Fasting as possible complementary approach for polycystic ovary syndrome: Hope or hype?

B. Chiofalo, A. S. Lagana, V. Palmara, R. Granese, G. Corrado, Emanuela Mancini, S. G. Vitale, H. Ban Frangez, E. Vrtacnik-Bokal, O. Triolo

Research output: Contribution to journalArticlepeer-review


Polycystic ovary syndrome (PCOS) is a common endocrine system disorder among women of reproductive age. In several cases, PCOS women show infertility or subfertility and other metabolic alteration, such as insulin resistance (InsR), dyslipidaemia, hyperinsulinemia and obesity. Despite the aetiology of the syndrome is still far from be elucidated, it could be considered the result of concurrent endocrine modifications, lifestyle factors and genetic background. In particular, accumulating evidence suggests that InsR and compensatory hyperinsulinemia play a pivotal pathogenic role in the hyperandrogenism of many PCOS phenotypes, which in turn have a clear detrimental effect on chronic anovulation. Different forms of fasting, such as intermittent fasting (IF, including alternate day fasting, or twice weekly fasting, for example) and periodic fasting (PF, lasting several days or longer every 2 or more weeks) are currently being tested in several in vitro and in vivo studies. Changes in the circulating levels of Insulin Growth Factor-1 (IGF-1), Insulin-like Growth Factor-Binding Protein 1 (IGFBP1), glucose and insulin are typical effects of fasting which may play a key role on aging and metabolic homeostasis. Considering the paramount importance of InsR and compensatory hyperinsulinemia, different fasting regimens can reduce IGF-1, IGFBP1, glucose and insulin levels and consequently have beneficial effects on ovarian function, androgen excess and infertility in PCOS women.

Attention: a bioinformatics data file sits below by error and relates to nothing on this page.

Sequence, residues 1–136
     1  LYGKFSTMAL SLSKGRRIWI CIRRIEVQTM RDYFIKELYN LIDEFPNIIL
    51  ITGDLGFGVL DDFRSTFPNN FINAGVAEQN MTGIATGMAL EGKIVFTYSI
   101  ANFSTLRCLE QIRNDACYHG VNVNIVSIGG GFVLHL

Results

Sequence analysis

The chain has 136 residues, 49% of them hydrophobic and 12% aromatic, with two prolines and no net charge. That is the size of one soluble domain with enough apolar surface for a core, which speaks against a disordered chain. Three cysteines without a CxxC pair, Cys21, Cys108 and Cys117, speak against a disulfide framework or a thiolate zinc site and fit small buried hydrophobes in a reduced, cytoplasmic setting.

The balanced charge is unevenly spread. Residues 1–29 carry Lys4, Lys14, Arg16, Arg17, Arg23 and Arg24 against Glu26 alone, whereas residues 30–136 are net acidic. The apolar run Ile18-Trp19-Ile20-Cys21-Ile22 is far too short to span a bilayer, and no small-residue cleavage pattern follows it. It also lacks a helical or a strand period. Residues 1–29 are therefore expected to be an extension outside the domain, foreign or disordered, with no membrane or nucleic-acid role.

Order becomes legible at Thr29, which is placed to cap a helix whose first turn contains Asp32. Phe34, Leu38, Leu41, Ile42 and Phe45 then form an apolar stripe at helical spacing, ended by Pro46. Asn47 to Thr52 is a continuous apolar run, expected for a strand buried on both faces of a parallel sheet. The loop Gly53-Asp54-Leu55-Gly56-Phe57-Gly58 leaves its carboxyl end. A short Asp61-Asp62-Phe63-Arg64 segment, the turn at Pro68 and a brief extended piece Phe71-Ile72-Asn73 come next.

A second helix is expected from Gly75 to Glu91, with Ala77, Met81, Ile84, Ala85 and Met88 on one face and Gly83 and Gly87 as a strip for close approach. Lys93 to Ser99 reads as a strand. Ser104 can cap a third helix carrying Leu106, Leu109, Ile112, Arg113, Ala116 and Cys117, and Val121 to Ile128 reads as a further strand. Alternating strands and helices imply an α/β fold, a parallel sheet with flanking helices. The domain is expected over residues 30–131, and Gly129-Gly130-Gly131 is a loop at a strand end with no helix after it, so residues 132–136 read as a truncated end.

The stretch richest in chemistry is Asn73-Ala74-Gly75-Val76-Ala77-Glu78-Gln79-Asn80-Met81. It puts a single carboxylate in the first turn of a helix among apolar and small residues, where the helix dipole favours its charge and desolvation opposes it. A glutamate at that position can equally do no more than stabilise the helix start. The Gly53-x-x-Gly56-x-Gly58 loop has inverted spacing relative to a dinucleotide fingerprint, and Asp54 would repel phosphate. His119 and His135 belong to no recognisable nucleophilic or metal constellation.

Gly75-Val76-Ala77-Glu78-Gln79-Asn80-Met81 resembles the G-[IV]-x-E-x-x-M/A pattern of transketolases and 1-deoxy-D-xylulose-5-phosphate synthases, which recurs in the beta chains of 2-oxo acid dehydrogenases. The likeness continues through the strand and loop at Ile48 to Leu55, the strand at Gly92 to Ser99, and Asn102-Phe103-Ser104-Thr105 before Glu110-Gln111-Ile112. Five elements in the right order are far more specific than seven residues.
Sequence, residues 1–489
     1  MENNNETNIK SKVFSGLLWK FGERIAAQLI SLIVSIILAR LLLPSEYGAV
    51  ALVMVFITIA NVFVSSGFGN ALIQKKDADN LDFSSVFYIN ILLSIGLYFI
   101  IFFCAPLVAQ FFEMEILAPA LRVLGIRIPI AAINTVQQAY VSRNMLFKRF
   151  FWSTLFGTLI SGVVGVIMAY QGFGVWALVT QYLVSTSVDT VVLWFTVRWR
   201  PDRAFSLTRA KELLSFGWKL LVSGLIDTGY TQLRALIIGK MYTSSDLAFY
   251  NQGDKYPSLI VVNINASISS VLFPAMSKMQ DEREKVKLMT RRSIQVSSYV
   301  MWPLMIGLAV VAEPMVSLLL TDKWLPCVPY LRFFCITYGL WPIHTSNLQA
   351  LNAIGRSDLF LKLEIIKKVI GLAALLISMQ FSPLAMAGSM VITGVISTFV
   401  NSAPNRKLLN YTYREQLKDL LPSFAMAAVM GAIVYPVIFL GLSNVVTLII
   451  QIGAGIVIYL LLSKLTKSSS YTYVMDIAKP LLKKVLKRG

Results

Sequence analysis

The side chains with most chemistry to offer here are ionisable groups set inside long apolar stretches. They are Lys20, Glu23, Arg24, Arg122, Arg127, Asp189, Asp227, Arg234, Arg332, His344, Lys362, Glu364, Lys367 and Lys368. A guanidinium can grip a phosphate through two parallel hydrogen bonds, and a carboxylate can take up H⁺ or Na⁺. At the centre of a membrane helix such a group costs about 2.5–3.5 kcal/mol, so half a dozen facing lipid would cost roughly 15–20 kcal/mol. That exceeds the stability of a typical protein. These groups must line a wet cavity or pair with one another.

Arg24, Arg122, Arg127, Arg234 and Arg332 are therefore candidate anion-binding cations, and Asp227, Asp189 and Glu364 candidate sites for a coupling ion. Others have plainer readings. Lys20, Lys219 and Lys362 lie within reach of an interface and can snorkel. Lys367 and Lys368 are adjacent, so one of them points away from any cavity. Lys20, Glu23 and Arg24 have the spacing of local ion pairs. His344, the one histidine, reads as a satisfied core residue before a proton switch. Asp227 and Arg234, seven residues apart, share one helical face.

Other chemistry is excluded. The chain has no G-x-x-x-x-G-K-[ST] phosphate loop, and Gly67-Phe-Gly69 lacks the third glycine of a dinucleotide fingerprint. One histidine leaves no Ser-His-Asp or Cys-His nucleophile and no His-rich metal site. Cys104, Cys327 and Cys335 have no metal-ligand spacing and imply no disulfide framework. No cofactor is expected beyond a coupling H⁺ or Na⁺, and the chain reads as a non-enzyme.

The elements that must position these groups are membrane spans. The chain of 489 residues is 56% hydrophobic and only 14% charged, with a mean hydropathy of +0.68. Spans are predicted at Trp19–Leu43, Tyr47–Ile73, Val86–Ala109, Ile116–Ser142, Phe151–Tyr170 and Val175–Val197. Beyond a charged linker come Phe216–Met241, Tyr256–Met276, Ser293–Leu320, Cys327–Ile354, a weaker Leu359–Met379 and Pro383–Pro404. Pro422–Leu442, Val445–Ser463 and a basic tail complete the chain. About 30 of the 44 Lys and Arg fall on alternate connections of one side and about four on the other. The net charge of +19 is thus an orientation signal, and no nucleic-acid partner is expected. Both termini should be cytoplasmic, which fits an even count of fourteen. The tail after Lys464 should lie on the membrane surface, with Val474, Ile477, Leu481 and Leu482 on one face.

Original languageEnglish
Pages (from-to)1-3
Number of pages3
JournalMedical Hypotheses
Publication statusPublished - Aug 1 2017


  • Diet
  • Fasting
  • Insulin resistance
  • Polycystic ovary syndrome


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